Your Humble Servant

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At a time before labour-saving mechanisation and supermarket shopping; when a cookbook could start a recipe with the instruction to ‘first catch your pig’, managing house and home in the 18th century was very labour intensive; it required many hands to make anything work and most of these hands belonged to servants. Despite their numbers, servants are all but invisible in the historical record. For the most part all that survives is their employers’ complaints about them (‘gave the children the itch’; ‘a little inclined to whoring’). It is quite unusual to come across a letter written by a servant but there is one among the recently-donated papers of the Auchmuchty family.

The letter, currently on exhibition in the Long Room, was written by Bryan Rock, travelling in England with his employer Mr Lyons, in 1759. It is probably written to his employer’s son and daughter.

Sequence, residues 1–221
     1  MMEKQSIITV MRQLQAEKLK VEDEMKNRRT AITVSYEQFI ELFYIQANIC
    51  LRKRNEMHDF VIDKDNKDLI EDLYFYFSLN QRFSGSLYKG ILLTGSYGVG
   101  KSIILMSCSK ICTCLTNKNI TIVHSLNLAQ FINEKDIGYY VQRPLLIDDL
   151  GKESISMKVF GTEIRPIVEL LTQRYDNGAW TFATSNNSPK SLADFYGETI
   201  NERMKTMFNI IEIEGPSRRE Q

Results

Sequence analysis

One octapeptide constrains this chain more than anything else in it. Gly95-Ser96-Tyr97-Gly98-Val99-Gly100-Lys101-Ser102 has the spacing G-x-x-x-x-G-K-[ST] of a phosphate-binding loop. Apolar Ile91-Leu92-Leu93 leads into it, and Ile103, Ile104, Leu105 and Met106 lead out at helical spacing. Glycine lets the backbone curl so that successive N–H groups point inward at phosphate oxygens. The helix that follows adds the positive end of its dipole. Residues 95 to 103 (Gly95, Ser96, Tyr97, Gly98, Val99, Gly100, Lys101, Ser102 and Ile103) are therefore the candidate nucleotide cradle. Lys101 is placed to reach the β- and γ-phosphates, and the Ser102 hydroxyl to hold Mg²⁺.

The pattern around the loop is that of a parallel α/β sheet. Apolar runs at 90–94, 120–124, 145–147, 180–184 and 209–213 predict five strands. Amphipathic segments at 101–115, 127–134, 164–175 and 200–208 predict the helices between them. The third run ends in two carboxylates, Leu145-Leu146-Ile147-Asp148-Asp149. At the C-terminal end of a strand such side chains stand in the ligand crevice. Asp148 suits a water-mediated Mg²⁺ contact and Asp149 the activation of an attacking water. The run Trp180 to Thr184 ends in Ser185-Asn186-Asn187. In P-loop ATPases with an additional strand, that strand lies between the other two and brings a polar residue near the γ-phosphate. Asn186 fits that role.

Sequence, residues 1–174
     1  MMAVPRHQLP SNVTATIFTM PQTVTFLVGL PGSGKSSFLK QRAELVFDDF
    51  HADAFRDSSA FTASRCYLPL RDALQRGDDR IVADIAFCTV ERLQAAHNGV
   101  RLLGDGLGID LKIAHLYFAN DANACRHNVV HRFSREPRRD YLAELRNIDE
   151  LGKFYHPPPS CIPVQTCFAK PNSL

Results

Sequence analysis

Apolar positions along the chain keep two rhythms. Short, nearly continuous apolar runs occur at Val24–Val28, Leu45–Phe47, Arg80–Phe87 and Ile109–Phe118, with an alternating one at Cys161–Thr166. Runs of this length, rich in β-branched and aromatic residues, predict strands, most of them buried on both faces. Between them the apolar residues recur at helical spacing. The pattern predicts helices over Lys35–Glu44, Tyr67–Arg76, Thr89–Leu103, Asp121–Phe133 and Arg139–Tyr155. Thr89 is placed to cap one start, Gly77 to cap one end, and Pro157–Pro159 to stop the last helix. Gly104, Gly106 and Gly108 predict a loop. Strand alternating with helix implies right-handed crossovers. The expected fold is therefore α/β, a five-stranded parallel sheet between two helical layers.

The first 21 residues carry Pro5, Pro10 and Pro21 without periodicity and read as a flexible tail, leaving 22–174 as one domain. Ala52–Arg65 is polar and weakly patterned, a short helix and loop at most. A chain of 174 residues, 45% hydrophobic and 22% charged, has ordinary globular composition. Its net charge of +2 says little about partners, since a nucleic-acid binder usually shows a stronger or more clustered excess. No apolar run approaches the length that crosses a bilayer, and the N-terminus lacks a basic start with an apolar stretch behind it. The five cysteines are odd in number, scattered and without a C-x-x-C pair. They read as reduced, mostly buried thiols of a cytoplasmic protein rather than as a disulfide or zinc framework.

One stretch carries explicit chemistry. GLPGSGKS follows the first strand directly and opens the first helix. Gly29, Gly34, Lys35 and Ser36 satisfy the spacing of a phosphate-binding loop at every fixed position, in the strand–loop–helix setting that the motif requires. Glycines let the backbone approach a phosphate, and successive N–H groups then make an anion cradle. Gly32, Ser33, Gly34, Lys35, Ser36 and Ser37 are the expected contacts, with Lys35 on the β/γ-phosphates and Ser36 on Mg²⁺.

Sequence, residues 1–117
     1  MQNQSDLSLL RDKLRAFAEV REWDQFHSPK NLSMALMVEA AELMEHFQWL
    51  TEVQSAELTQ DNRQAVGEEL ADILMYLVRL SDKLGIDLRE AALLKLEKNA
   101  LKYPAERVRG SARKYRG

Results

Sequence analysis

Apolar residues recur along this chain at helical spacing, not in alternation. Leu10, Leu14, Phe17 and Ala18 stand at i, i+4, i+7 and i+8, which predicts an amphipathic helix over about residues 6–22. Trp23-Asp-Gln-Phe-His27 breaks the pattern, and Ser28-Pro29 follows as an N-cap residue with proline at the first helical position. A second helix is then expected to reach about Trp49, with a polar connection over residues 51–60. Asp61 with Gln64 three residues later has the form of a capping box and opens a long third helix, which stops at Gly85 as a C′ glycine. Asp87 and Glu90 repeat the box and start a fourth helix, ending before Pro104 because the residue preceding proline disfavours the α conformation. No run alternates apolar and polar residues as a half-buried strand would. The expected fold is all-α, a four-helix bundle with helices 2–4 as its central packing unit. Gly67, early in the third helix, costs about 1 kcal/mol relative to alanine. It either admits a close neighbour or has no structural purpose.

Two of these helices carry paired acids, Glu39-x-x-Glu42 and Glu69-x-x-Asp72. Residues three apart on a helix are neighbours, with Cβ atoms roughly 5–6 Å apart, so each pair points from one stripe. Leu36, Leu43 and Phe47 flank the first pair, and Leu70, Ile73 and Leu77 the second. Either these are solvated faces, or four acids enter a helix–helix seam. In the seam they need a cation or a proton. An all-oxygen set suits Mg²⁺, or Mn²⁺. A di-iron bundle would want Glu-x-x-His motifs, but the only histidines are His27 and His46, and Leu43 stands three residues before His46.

The survival of this letter was not accidental – it is obvious, from its physical fragility, that it was constantly read and re-read over time; when it fell apart, it was carefully, if crudely, patched back together again. We cannot know exactly why it was preserved but thank goodness it was as it permits us to share in Rock’s delight at what may have been his first foreign trip. He was astonished at Gloucester Cathedral, clearly the largest building he had ever been in; he thought ‘it would be a good day’s work for a man to get to the top’. He was also impressed with the sculptures of ‘all the Kings and Princes that ever reigned there drawn in marble stone’ and he was captivated by the choir and the organ playing so much so that he could not ‘get the music out of my ears for three hours after’. His only complaint was sea-sickness; after a day under sail he felt he could barely stand because ‘the sea was swimming in my head’. He apologised to Miss Lyons that it was not in his power to describe the fashions that he has seen but, eloquently, says he hopes to ‘bring some of them [home] in my Eyes’.

Jane Maxwell

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